BOSTON The question was a simple one but the answer spoke volumes.
As he prepared for the biggest game of his life tonights Game 7 against the Boston Bruins at TD Garden (Comcast SportsNet) Capitals rookie netminder Braden Holtby was asked if playing in the seventh game of a Stanley Cup playoff series was something he dreamed about as a child.
Yeah, I mean, you think about Game 7 in the Stanley Cup Finals more than anything, Holtby said. You have to win certain games in order to get to the Stanley Cup, and this is gonna be one of them.
In other words, as big as tonights game is for the 22-year-old goaltender from Lloydminster, Saskatchewan, he fully expects to play in one that is much bigger five or six weeks from now.
And that may be the most surprisingly refreshing thing about Holtby. For a kid who has played in just xxx games in his NHL career and became the Capitals No. 1 goalie two weeks ago by double injury default, he uses the words Stanley Cup more than anyone else in the Capitals locker room.
Hes kind of his own cat, said Capitals senior statesman Mike Knuble, who was finishing up his senior year in high school when Holtby came into the world. Hes quiet, but hes not peculiar. Ive seen goalies who were so peculiar they were their own worst enemies and some so wild they were their own worst enemies.
Hes pretty mature. Theres a lot of pressure that goes along with getting thrown into a playoff series. Some guys cower and wilt and some guys get stronger. Hes gotten stronger.
Capitals center Brooks Laich says he likes the edgy cockiness Holtby exhibits in his crease, whether its protecting his domain with a blocker to the face or being a bit flamboyant with his glove saves.
One thing I like is hell grab a shot out of the air, flip it in his glove and give it to the linesman, Laich said. He makes it look so easy that you say, Geez, this kids got it. Hes having fun.
Holtby admits he has not always been as mentally strong as hed like and that he struggled with his confidence early in his career with the Saskatoon Blades of the Western Hockey League, a team that struggled in his first two seasons as a starter before emerging in his final year there in 2008-09.
I was too young and nave to realize wins and losses, said Holtby, who went 42-58-3 in his first two seasons in Saskatoon. I wanted to win every game and I put a lot of pressure on myself when we werent winning. But now, looking back, we didnt really have a team that was going to win too many games no matter what.
Holtby and the Blades had a breakthrough season three years ago. He went 40-16-4 during the regular season before getting knocked out in the first round of the playoffs in seven games. It is the only Game 7 Holtby has been a part of and he is still looking for the first playoff series victory of his career.
I think I was a lot more critical of myself when I was younger, he said. It would affect me a lot more if I did something wrong. I would blame myself in ways that would probably bring me down. But its a credit to the goalie coaching Ive had over the years. Theyve taught me what to look for if I have done something wrong, and not to be critical all the time. People do make mistakes.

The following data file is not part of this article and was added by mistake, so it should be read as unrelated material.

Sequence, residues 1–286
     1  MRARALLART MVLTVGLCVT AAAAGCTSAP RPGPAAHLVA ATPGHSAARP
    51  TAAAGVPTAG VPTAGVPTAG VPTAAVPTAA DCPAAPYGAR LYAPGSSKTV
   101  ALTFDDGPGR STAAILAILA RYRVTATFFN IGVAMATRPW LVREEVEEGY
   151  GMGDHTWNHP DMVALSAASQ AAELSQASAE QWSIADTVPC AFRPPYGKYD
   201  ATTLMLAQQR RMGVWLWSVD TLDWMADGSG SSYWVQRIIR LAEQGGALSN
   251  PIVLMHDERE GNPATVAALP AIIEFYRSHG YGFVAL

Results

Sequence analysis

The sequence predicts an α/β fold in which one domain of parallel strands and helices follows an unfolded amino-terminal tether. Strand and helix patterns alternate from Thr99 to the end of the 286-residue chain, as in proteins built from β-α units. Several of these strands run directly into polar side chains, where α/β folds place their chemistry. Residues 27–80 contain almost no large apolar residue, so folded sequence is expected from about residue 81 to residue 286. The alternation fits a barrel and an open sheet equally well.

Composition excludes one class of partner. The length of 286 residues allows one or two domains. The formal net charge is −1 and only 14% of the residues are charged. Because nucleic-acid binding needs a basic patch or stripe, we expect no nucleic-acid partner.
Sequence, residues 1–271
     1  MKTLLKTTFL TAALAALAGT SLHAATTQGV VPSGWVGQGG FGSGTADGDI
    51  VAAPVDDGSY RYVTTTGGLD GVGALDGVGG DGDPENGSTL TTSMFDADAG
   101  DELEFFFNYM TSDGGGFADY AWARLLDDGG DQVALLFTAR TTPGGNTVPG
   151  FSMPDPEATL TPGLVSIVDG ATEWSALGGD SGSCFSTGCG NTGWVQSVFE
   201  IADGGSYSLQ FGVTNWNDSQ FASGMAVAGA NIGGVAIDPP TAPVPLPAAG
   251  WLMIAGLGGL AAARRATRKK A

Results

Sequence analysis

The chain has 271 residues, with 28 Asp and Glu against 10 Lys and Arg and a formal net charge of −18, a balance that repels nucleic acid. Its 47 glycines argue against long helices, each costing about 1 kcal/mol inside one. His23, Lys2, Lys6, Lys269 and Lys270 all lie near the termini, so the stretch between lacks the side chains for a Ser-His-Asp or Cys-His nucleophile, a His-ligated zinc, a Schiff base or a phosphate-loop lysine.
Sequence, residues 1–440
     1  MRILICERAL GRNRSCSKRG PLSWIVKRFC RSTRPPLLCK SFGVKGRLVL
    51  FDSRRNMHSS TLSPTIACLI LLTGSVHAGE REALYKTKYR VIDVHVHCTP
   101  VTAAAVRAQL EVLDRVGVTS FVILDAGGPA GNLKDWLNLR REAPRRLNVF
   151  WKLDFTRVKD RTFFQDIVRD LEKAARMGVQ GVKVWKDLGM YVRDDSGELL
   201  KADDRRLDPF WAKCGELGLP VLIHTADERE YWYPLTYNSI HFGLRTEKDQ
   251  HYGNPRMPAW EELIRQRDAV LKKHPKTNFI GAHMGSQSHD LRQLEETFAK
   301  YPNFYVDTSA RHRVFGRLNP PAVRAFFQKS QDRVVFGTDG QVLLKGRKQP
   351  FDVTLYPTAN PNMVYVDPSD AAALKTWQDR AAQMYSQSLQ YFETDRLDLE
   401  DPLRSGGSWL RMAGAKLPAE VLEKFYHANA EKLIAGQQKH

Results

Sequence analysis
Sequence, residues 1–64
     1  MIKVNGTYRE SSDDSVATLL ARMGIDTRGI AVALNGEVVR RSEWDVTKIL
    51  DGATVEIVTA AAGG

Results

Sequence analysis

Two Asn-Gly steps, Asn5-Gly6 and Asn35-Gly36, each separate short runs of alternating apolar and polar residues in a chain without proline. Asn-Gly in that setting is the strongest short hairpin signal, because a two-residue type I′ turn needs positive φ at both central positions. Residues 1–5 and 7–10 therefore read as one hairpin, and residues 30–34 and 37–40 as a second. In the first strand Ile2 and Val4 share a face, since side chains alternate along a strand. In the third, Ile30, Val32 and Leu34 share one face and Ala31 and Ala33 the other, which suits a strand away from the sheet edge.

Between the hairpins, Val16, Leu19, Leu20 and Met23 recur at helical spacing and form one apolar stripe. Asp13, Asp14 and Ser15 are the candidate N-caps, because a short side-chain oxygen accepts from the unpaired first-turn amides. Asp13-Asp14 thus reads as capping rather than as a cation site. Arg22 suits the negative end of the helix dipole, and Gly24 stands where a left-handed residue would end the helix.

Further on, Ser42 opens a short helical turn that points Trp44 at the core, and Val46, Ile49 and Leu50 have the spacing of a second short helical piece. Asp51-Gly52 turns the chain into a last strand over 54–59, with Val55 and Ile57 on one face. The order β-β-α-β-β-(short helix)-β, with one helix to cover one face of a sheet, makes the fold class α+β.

I think its a constant challenge to keep your mind not thinking about the negatives, Holtby said. Thats human nature to think more about the negative things in life than the positives, and thats one of those things where, whenever something negative creeps in, you just have to replace it with some positive thought, and that usually pushes you forward and makes you want to be more successful.
Following the Capitals 4-3 overtime loss in Game 6 Holtby blamed himself for overchallenging the Bruins shooters on two occasions in overtime. He came out of his net on Zdeno Chara, who outwaited him but failed to get a shot on net, and came out against Tyler Seguin, who opened the blade of his stick as if to shoot, then went to his backhand for the game-winner.
The next morning, after reviewing tapes of his performance, he was far less critical.
I do want to play the percentages, Holtby said, and I think after Ive looked at the plays, I think I took away what my job is, and thats the first few split seconds when a guy has a chance to shoot. I think I could have scrambled a bit better, but I was happy with the way I took away their shot.
Holtby said he consults with Capitals goaltending coach Dave Prior before, during and after games, even seeking his input between periods. He also talks daily with his father, Greg, a former goaltender who also played for the Saskatoon Blades.
My dad is always there for encouragement, Holtby said. He knows me better than anyone and hes positive every time we talk.
Holtby is hoping the conversation he has with his dad late tonight has a celebratory tone, not consolation.
Laich says he expects nothing different from Holtby than hes already shown in the first six games of the series, despite all the attention hes been given as the Capitals next great netminder.
I expect him to be excellent, Laich said. I dont think Holts cares about the spotlight. I dont think hes tuning into every channel trying to see his name called. The kid just wants to play and win hockey games. Hes playing great and hes getting the recognition and we hope it continues.
As for his nerves entering tonights game, Holtby says he feels there is more pressure on the second-seeded Bruins than the seventh-seeded Capitals.
Theres no point in having nerves right now, he said. This is fun. This is what we were hoping for. Were still the underdogs here. I dont think anyone really expected us to be here, even in a Game 7, and you know, we like this pressure. Were here to show that were not gonna back down. Myself, Im just gonna go in, try to make the stops that Im capable of stopping and hopefully its enough to win.